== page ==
Lower response rates and reduced likelihood of achieving symptom remission are factors that may lead to a greater perceived need to utilize antidepressant drugs, and to the concomitant use of two or more antidepressant or other psychotropic drugs, in an attempt to improve outcomes. Data from the recent Canadian Community Health Survey on Mental Health and Well-Being show that the comorbidity of major depressive disorder with anxiety disorders is associated with somewhat higher rates of use of antidepressant drugs than that seen for major depressive disorder alone.45

The need for studies in patients with comorbid mood and anxiety disorders

The presence of comorbid depressive disorders is usually regarded as an exclusion criterion in randomized placebo-controlled trials of antidepressants in patients with primary anxiety disorders, where proof of efficacy requires the demonstration that anxiety symptoms do not resolve indirectly, mediated by an effect on depression. In addition, depressed patients with comorbid anxiety disorders are often excluded from participating in studies with new antidepressant treatments, perhaps because the presence of significant anxiety symptoms may reduce response rates, and thereby impede the chance to distinguish antidepressant from placebo effects. However, comorbidity is the rule in clinical practice, and it is helpful to know whether a single medication can diminish the severity of both anxiety and depressive symptoms in patients with comorbid conditions. However, there are relatively few studies that have specifically focused on investigation of the treatment response in comorbid patients.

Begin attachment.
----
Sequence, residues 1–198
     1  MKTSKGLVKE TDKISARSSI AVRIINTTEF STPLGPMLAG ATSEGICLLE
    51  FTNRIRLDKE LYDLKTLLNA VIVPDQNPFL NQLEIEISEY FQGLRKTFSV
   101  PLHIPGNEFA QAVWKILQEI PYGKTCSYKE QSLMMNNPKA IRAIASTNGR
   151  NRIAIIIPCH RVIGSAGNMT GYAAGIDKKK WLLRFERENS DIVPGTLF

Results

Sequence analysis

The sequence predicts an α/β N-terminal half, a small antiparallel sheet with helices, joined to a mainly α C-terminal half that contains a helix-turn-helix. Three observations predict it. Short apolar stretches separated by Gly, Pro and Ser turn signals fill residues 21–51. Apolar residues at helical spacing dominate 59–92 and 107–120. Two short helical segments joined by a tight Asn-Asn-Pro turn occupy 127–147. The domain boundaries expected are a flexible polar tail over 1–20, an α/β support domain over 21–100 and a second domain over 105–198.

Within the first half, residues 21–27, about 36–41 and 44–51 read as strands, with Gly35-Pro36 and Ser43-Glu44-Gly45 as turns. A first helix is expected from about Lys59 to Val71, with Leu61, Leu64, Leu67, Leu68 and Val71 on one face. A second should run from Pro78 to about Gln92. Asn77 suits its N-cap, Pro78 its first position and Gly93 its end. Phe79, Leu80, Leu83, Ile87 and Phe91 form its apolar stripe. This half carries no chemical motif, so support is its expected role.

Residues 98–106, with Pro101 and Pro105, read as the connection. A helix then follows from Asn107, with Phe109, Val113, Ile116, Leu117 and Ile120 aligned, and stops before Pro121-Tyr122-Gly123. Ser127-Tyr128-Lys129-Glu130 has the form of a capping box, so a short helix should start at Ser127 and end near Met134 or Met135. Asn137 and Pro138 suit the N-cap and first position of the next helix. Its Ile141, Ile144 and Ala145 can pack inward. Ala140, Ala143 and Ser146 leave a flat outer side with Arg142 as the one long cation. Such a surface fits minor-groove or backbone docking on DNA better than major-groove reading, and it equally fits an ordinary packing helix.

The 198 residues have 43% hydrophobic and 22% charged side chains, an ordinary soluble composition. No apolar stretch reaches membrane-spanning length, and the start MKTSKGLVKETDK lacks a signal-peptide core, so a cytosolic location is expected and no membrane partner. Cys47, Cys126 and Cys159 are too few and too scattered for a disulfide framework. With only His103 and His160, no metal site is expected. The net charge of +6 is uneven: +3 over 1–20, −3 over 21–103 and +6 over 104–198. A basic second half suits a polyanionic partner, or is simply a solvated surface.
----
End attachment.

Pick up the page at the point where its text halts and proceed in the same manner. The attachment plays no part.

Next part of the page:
An investigation of the effectiveness of open treatment with the SSRI fluoxetine (20 mg/day) in 123 US outpatients with major depressive disorder and at least one comorbid anxiety disorder, both defined according to DSM-III-R criteria, found that it reduced depressive symptom severity between baseline and study end point: however, patients with depression and comorbid obsessive-compulsive disorder were significantly less likely to respond to treatment than patients with other comorbid anxiety disorders.46 A subsequent open but controlled comparison of paroxetine (20-40 mg/day) with moclobemide (a reversible inhibitor of monoamine oxidase A) at a dosage of 300-600 mg/day in 123 Italian outpatients with DSM-III-R–defined major depressive disorder or dysthymia and comorbid anxiety disorder found no significant difference in overall response between the two antidepressants: however paroxetine was superior to moclobemide in the subgroup of 32 patients with comorbid panic disorder.47